Deemed drug supply possession changes in NSW
On Monday 30 April 2018 The Justice Legislation Amendment Act 2018 No 4 came into effect with some major changes occurring in relation to drug offences. Which impacts the way in which deemed drug supply charges are dealt within NSW courts.
On Monday 30 April 2018 some major changes occurred in New South Wales courts in relation to drug offences. The Justice Legislation Amendment Act 2018 No 4 came into effect, which, among other things, changes the way in which deemed drug supply charges are dealt with by the Court.
What is a deemed drug supply charge?
Under Section 25 of the Drug Misuse and Trafficking Act 1985 (NSW), a person found in possession of a trafficable quantity of a prohibited drug is automatically deemed to be in possession of the drugs for the purposes of supply. The difference between a possession and supply charge are significant, particularly in relation to the penalty imposed. The quantities of each drug considered to be small, trafficable or commercial quantity are specified in Schedule 1 of the Act, and are in some cases surprisingly low. For example, in the case of the commonly used party drug ecstasy, as little as 10 pills can be enough to be a trafficable quantity, which could lead to a charge of supplying a prohibited drug. The maximum penalty in this instance would be 15 years imprisonment or a fine of $220,000, or both. In contrast, the maximum penalty for possession would be 2 years imprisonment or a fine of $5,500, or both.
Traditionally these offences would be dealt with in the District Court and would result in a trial by jury. In accordance with Section 29 of the Drug Misuse and Trafficking Act 1985 (NSW), the defendant would need to prove to the jury on the balance of probabilities that they were in possession for purposes other than supply, such as personal use.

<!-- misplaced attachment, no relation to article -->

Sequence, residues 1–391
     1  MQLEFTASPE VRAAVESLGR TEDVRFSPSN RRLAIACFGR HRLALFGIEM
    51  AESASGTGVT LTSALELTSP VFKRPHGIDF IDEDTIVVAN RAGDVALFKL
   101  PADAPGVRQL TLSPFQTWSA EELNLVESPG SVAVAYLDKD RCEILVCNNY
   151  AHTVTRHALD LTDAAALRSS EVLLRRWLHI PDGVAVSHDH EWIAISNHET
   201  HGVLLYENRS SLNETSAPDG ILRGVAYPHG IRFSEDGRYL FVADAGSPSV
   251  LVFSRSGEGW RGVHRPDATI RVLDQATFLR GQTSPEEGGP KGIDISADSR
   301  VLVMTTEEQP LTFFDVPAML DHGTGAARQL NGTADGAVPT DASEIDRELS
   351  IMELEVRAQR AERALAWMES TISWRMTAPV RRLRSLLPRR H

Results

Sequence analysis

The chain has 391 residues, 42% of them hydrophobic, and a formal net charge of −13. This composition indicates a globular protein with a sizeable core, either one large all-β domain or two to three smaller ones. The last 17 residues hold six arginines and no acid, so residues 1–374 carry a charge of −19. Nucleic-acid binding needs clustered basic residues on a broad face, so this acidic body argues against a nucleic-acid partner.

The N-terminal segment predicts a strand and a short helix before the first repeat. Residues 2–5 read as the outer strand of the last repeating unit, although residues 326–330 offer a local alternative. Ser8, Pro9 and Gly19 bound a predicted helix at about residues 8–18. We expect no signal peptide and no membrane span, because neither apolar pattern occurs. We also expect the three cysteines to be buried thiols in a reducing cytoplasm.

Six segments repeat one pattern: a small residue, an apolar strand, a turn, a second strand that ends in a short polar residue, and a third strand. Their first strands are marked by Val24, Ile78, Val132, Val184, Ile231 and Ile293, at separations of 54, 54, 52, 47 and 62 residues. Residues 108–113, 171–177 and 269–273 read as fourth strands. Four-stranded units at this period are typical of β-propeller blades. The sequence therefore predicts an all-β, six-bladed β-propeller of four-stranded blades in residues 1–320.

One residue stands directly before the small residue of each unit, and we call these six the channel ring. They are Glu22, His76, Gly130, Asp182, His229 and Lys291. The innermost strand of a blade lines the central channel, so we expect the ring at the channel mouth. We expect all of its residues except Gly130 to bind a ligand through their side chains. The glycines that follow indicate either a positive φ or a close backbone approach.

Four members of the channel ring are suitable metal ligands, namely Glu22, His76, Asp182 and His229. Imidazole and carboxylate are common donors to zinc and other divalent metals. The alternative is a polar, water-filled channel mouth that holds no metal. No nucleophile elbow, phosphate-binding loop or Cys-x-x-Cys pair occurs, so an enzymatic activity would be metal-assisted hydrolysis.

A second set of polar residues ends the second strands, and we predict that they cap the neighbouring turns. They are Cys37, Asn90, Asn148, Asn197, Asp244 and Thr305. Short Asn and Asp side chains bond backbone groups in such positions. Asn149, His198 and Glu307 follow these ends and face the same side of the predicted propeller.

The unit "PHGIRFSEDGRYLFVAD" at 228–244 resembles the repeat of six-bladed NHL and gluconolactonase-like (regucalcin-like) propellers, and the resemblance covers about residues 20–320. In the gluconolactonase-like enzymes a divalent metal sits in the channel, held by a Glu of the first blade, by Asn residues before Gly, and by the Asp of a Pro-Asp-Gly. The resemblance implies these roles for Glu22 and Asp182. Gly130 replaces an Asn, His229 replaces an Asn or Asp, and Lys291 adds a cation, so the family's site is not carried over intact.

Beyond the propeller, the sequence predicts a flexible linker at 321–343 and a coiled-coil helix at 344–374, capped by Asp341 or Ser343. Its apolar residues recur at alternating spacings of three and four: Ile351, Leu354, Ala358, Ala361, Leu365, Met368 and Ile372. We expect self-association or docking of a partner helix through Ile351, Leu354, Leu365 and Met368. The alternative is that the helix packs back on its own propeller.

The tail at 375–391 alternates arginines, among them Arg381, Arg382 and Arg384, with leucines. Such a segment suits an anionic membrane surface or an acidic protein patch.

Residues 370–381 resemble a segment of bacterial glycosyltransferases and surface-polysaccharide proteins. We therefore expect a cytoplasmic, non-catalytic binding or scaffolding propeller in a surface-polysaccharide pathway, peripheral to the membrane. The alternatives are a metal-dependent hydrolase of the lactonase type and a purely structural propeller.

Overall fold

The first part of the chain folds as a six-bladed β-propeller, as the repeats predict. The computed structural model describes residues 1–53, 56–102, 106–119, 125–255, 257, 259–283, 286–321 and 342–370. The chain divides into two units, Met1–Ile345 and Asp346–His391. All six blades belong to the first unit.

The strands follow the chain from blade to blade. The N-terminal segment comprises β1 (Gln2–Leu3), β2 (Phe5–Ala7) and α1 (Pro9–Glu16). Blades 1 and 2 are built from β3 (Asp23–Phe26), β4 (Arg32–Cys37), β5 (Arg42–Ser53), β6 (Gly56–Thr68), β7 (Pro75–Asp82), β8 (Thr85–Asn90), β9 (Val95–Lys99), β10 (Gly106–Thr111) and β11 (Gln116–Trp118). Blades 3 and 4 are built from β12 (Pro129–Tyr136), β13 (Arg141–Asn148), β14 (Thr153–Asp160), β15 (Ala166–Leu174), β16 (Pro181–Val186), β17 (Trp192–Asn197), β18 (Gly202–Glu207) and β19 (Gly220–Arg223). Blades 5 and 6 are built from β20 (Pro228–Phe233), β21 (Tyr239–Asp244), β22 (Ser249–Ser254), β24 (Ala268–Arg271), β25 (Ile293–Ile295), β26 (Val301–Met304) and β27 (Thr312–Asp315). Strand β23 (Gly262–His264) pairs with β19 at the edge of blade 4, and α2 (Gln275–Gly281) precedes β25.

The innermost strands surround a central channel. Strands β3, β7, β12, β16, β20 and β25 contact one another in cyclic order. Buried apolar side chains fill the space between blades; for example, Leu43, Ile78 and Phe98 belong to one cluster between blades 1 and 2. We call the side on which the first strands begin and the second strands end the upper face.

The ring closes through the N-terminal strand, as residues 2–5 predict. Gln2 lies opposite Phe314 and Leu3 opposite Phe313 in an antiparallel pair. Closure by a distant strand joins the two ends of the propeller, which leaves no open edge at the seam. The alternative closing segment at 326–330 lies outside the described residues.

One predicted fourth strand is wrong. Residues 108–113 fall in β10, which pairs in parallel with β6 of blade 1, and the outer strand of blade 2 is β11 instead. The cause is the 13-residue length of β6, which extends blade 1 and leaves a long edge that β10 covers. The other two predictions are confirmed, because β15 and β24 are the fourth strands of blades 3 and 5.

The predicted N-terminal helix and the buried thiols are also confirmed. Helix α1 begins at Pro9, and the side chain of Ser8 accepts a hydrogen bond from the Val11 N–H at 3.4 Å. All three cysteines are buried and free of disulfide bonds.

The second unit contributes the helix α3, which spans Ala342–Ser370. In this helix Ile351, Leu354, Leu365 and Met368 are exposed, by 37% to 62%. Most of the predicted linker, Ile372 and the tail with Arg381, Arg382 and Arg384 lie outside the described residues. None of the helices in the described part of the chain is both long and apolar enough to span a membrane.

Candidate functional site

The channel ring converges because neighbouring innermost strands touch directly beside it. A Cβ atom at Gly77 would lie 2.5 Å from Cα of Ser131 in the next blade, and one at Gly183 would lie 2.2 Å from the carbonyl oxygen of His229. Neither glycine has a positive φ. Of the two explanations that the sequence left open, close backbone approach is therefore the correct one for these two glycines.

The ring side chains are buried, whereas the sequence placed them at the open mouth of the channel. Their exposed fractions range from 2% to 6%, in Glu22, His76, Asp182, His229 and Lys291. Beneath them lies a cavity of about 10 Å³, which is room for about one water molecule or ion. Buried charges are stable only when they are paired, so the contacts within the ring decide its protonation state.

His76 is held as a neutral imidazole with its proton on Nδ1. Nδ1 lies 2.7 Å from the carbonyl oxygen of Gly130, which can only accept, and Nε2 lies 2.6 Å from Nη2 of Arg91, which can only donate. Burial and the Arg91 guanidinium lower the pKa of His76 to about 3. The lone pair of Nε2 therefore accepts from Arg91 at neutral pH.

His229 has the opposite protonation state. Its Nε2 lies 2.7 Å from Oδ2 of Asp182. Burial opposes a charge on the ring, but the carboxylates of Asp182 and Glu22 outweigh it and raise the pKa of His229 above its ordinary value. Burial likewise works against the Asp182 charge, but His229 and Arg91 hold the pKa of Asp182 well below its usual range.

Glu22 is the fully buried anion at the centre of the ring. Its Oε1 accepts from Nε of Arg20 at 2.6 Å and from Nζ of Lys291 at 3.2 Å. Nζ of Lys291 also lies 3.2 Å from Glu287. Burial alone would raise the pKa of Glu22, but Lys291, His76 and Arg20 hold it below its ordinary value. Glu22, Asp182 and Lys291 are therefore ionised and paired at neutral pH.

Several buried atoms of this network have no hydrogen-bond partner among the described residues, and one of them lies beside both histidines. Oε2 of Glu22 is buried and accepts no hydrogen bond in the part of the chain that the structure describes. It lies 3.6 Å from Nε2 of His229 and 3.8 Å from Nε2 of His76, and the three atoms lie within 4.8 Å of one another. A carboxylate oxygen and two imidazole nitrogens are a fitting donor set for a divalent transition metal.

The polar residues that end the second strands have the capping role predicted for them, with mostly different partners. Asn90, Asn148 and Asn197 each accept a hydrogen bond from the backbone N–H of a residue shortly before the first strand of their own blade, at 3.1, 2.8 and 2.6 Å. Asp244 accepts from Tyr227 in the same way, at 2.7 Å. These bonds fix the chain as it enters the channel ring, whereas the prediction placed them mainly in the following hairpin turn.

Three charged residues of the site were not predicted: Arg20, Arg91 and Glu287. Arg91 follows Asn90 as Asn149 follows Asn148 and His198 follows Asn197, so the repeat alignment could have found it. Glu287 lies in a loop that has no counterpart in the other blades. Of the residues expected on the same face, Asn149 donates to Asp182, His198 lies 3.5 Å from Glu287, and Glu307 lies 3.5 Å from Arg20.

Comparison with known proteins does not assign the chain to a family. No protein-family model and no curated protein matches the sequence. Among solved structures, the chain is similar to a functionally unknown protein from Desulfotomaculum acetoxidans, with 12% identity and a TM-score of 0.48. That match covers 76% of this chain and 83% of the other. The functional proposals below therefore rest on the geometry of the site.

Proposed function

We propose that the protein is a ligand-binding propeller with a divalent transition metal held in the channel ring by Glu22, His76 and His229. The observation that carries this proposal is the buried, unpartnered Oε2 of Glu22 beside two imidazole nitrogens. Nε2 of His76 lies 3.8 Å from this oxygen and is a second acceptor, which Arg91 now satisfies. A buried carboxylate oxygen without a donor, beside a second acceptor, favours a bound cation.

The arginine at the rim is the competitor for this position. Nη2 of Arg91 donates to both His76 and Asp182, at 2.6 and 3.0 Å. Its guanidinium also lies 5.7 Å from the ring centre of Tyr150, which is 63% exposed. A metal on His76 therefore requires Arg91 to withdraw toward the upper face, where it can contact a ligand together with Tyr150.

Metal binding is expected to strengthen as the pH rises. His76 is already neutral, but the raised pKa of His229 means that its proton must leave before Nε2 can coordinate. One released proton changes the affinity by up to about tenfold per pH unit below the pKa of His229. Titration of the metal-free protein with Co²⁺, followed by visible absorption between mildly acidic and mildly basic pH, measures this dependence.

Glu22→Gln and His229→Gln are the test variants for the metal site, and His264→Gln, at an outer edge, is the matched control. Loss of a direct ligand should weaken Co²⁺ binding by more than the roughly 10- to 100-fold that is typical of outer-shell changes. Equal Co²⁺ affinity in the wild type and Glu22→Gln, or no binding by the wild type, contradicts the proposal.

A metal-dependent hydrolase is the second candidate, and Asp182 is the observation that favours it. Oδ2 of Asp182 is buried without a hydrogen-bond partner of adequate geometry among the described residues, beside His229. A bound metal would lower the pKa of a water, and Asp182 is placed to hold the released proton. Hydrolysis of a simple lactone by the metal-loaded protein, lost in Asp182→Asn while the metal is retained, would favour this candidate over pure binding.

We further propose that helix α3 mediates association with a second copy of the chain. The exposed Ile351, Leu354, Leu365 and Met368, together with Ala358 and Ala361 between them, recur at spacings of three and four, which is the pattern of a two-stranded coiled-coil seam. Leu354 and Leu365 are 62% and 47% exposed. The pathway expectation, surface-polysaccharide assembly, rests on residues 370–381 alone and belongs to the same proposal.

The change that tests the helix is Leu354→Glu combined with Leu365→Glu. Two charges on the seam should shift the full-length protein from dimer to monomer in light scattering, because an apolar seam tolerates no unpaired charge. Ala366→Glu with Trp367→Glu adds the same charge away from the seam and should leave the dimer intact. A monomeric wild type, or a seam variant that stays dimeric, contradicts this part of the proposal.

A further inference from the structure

However, with the introduction of the Justice Legislation Amendment Act 2018 No 4, anyone charged under Section 25 of the Drug Misuse and Trafficking Act 1985 (NSW) on or after Monday 30 April 2018 will have their matter heard in the Local Court in front of a Magistrate, unless there is an election for the matter to proceed on an indictable basis to the District Court.
What difference does that make to the defendant?
By removing the necessity of a trial by jury, the defendant need only convince the Magistrate that the 10 ecstasy tablets found in their possession was for personal use rather than needing to convince a jury. Not only will this eliminate the added anxiety for the defendant, it will also allow the District Court to concentrate its limited resources on offences and matters that require its resources and expertise. In the eyes of the defendant, the most attractive benefit to the changes is that the maximum term of imprisonment to be imposed is reduced to 2 years imprisonment from 15 years, and the maximum fine is reduced from $220,000 to $11,000.
This article has been written by Lara Menon, Paralegal at Family Focus Legal.